During a lull in the action, Barbara starts to tell us about the eBird guy who questioned the Pelican sighting and do we believe that someone would question something like Pelicans as if they could be mistaken for something else. With that, Tom starts giggling and says "uh, this is the guy that questioned the sighting"' and points to the other guy! Oh, just great. The guy's name is Sam and we see his name all over the tweets, texts, and alerts about unusual sightings around Cape May. Sam starts giggling too and apologizes to Barbara saying that he hit the "send" button to soon and really meant to ask if she was sure that she was at Davie's Lake since 33 Pelicans is a really good sighting for that area. Well, we all had a good laugh and from that point forward, all birds that flew past the dike were Pelicans!

We even invited Sam to go out on a whale watching boat with us later that afternoon since we had 2 extra tickets. I gave him my phone number (again, lots of jibes can be inserted here) and asked him to let us know if he could use the tickets. Well, he called back to say thanks for the offer but that he was going out on another boat to verify a sighting of a rare Brown Booby (more sophomoric humor here) that was spotted in Jarvis Sound sitting on a channel marker.

Thursday, August 11, 2011

Villas Beach - Birds are Back

Shorebirds are beginning to arrive back at the Villas beach after a month or so of absence when they were in the arctic nesting. We have been kind of bored on the beach in July without the shorebirds and horseshoe crabs to worry about. This weekend we were treated to Sanderlings, Sandpipers, Ruddy Turnstones, and Plovers working the sandbars and shoreline.

We also had a large family of 11 Royal Terns hanging around. About half of the Royal Terns were banded with metal bands on their legs. I got pretty close for these photos, but still couldn't make out any numbers on the bands. Here is a group of bored individuals. Remember to click on the images to enlarge them.

Here is an adult (black legs) and juvenile (orange legs). They would take off to the water's edge to bathe and return back to the same spot without care of my presence.

The Sandpipers are interesting. They are very territorial for their little piece of beach. Here is one bird picking a fight.

This guy just wouldn't let any other bird near his beach. He would squawk and chase them in this hunched-over posture until the other bird would leave. Again, this all took place 20 feet away from me. I guess these birds are used to being on beaches with people and dogs.

I love the look of the Sanderling. He (or she) is in the middle of his fall molt - going from brown and rust breeding plumage to gray winter plumage. I thought he looked great with the wet sand background.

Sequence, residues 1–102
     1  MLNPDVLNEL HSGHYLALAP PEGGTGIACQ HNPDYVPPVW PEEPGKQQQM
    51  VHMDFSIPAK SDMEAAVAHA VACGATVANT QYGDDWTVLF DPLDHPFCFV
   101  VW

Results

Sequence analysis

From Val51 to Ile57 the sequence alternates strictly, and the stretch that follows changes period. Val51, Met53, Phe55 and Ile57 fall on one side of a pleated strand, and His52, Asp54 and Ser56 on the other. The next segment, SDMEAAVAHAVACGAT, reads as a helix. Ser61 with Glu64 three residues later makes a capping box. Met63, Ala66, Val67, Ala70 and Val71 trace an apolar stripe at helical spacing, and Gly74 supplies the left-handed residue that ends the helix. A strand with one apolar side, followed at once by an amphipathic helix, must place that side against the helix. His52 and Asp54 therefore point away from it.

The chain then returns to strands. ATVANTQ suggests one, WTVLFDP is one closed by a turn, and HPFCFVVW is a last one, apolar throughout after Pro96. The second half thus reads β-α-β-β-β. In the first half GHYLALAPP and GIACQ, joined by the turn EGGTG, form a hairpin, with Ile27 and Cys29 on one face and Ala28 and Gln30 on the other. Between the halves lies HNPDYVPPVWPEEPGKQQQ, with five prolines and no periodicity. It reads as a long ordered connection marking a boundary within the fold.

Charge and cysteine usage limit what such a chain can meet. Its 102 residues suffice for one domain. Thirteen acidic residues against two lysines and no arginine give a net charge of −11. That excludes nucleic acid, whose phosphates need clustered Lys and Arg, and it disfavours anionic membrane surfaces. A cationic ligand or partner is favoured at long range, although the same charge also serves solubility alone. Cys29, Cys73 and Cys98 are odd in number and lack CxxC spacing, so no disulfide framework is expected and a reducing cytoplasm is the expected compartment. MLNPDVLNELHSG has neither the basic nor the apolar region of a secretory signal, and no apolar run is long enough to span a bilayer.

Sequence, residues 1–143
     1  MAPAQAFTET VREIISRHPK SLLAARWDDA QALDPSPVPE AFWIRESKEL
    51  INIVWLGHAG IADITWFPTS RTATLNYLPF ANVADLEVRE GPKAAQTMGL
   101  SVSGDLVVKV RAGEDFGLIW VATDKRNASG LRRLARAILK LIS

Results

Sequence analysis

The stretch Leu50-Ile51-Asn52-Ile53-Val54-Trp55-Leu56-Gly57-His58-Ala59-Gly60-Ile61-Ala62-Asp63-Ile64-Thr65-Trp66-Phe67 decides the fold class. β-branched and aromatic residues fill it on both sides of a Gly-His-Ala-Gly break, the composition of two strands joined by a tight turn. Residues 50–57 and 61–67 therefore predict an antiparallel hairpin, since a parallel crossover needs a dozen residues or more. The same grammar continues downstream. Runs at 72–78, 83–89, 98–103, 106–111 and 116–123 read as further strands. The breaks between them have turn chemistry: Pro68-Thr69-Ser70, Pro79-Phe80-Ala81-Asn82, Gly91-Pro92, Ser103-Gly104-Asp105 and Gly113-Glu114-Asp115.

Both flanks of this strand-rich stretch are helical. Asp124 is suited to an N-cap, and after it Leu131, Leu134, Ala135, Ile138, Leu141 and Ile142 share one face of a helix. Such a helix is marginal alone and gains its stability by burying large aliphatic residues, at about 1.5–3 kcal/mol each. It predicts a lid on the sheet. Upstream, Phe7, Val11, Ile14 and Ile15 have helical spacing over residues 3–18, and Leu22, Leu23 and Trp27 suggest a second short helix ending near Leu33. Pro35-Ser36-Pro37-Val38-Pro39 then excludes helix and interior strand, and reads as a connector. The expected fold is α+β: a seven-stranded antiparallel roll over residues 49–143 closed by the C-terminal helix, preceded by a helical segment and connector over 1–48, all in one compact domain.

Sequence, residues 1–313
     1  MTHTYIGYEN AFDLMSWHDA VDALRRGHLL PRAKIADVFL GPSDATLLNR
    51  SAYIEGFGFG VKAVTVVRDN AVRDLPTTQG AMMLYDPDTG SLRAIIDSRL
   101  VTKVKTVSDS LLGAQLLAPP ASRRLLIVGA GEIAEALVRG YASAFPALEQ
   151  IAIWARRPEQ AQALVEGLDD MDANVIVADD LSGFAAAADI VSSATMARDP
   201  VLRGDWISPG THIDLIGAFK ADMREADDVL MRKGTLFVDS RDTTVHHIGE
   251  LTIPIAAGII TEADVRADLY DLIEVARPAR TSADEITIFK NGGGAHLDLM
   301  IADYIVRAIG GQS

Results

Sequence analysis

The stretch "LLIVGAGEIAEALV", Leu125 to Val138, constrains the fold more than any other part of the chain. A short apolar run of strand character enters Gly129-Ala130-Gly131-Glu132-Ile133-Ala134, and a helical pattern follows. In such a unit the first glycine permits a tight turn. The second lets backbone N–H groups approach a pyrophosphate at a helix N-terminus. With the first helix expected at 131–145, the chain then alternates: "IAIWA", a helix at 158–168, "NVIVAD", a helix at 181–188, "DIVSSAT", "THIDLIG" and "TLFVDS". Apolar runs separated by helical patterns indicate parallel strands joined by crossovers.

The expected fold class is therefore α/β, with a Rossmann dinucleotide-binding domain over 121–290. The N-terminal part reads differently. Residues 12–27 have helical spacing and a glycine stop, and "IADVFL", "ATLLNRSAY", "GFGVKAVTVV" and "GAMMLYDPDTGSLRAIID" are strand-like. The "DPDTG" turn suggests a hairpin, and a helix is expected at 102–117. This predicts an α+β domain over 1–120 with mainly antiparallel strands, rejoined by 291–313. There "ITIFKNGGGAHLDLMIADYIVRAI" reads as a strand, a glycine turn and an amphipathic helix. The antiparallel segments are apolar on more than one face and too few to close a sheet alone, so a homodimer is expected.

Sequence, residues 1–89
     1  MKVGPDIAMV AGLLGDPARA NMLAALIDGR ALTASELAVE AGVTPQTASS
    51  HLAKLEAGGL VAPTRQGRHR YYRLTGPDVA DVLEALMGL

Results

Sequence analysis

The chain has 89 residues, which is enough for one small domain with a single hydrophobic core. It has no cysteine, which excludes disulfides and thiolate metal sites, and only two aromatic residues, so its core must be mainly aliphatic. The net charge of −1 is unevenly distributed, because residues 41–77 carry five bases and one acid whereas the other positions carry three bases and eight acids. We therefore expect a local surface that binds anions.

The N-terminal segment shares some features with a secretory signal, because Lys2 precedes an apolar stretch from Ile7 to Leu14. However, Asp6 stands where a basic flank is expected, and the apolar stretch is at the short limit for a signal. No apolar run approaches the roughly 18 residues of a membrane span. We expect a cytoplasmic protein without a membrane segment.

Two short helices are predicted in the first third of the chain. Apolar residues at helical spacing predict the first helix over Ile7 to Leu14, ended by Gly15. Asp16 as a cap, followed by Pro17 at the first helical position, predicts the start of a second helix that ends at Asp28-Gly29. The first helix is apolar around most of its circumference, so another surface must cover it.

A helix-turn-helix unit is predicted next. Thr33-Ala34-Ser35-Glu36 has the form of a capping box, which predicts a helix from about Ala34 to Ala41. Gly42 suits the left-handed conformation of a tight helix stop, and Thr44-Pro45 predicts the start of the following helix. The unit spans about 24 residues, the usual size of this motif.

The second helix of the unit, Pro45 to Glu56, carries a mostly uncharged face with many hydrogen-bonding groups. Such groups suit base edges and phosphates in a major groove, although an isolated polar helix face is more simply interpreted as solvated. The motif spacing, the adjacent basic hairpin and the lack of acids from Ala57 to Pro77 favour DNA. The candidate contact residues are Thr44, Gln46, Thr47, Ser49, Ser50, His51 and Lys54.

Intrepid Explorers Find Davie's Lake!

We finally achieved our summer goal of finding Davie's Lake, which is a little lake buried behind the sand dunes near the Concrete Ship. We have attempted the discovery 3 times before approaching from the south but were foiled by high tides and a fast running creek crossing. Well this time, we approached from the north which meant parking at Higbee's Beach, walking a mile down the beach and ending up on the right side of the creek to get to the lake.

We were definitely rewarded for our effort. Check out this seen at the mouth of the creek. That is the concrete ship wreck in the background:

Here is another view of the scene shot from up on the beach looking down between the pilings:

Here is a shot of a Ruddy Turnstone in pretty typical environment. They like to pick around the beach and on the rocks. They return to the Cape May area in late summer and some even hang around through winter.

Finally, here is a shot of a Least Tern feeding it's "baby" on the beach. These are the smallest terns in our area and are endangered. We are lucky to have so many of them in Cape May along both beaches. This guy better learn to fish for himself soon.

Davie's Lake itself was a bust. No birds on the lake and all of the Egrets that roost back there were at the creek mouth as seen in the above photos. We'll check back in winter and hope for some ducks.

As a post script - I am writing this blog a week after the actual event. I am in Tampa airport returning home from Florida today. My mother is doing better after hip replacement surgery and is home now. I didn't get much birding on this visit. Typical Florida birds on the golf courses.